Not everyone who has one seizure will have another one, and because a seizure can be an isolated incident, your doctor may not decide to start treatment until you’ve had more than one.
The optimal goal in seizure treatment is to find the best possible therapy to stop seizures, with the fewest side effects.
Pregnancy and seizures
Women who’ve had previous seizures typically are able to have healthy pregnancies. Birth defects related to certain medications can sometimes occur.
In particular, valproic acid — one possible medication for generalized seizures — has been associated with cognitive deficits and neural tube defects, such as spina bifida. The American Academy of Neurology recommends that women avoid using valproic acid during pregnancy because of risks to the baby. Discuss these risks with your doctor. Because of the risk of birth defects and because pregnancy can alter medication levels, preconception planning is particularly important for women who’ve had seizures.
In some cases, it may be appropriate to change the dose of seizure medication before or during pregnancy. Medications may be switched in rare cases.
Lifestyle and home remedies
Here are some steps you can take to help with seizure control:
- Take medication correctly. Don’t adjust the dosage before talking to your doctor. If you feel your medication should be changed, discuss it with your doctor.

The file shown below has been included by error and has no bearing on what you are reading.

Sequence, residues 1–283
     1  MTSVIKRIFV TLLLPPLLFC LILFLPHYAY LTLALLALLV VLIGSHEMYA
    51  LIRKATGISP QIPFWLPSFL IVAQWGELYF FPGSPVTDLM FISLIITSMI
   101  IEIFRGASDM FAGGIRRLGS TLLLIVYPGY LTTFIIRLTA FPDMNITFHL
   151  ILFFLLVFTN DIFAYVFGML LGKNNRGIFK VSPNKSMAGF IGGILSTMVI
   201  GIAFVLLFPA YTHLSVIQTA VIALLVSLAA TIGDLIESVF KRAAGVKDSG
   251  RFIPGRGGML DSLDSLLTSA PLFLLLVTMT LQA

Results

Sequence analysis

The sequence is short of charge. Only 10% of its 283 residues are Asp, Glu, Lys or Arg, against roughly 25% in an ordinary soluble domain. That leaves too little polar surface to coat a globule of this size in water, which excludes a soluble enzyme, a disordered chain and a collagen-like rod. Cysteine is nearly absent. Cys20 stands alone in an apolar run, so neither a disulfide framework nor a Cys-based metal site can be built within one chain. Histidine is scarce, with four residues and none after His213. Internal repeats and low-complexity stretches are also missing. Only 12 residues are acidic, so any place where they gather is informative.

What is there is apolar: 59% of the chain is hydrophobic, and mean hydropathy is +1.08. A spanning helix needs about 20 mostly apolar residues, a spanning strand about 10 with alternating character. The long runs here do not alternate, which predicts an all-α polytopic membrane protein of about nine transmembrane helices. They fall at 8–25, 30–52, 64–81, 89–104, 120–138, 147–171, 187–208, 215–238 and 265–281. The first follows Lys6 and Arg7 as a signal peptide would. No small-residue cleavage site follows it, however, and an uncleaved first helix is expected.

- Get enough sleep. Lack of sleep can trigger seizures. Be sure to get adequate rest every night.
- Wear a medical alert bracelet. This will help emergency personnel know how to treat you correctly if you have another seizure.
- Be active. Exercising and being active may help keep you physically healthy and reduce depression. Make sure to drink enough water and rest if you get tired during exercise.
- Make healthy life choices. Managing stress, limiting alcoholic beverages and avoiding cigarettes all factor in to a healthy lifestyle.
Seizures don’t usually result in serious injury, but if you have recurrent seizures, injury is a possibility. These steps can help you avoid injury during a seizure:
- Take care near water. Don’t swim alone or relax in a boat without someone nearby.
- Wear a helmet for protection during activities such as bike riding or sports participation.
- Take showers instead of baths, unless someone is near you.
- Modify your furnishings. Pad sharp corners, buy furniture with rounded edges and choose chairs that have arms to keep you from falling off the chair. Consider carpet with thick padding to protect you if you do fall.
- Display seizure first-aid tips in a place where people can easily see them. Include any important phone numbers there, too.
Seizure first aid
It’s helpful to know what to do if you witness someone having a seizure. If you’re at risk of having seizures in the future, pass this information along to family, friends and co-workers so that they know what to do if you have a seizure.
To help someone during a seizure, take these steps:
- Carefully roll the person onto one side
- Place something soft under his or her head
- Loosen tight neckwear
- Avoid putting your fingers or other objects in the person’s mouth
- Don’t try to restrain someone having a seizure
- Clear away dangerous objects, if the person is moving
- Stay with the person until medical personnel arrive
- Observe the person closely so that you can provide details on what happened
- Time the seizure
- Stay calm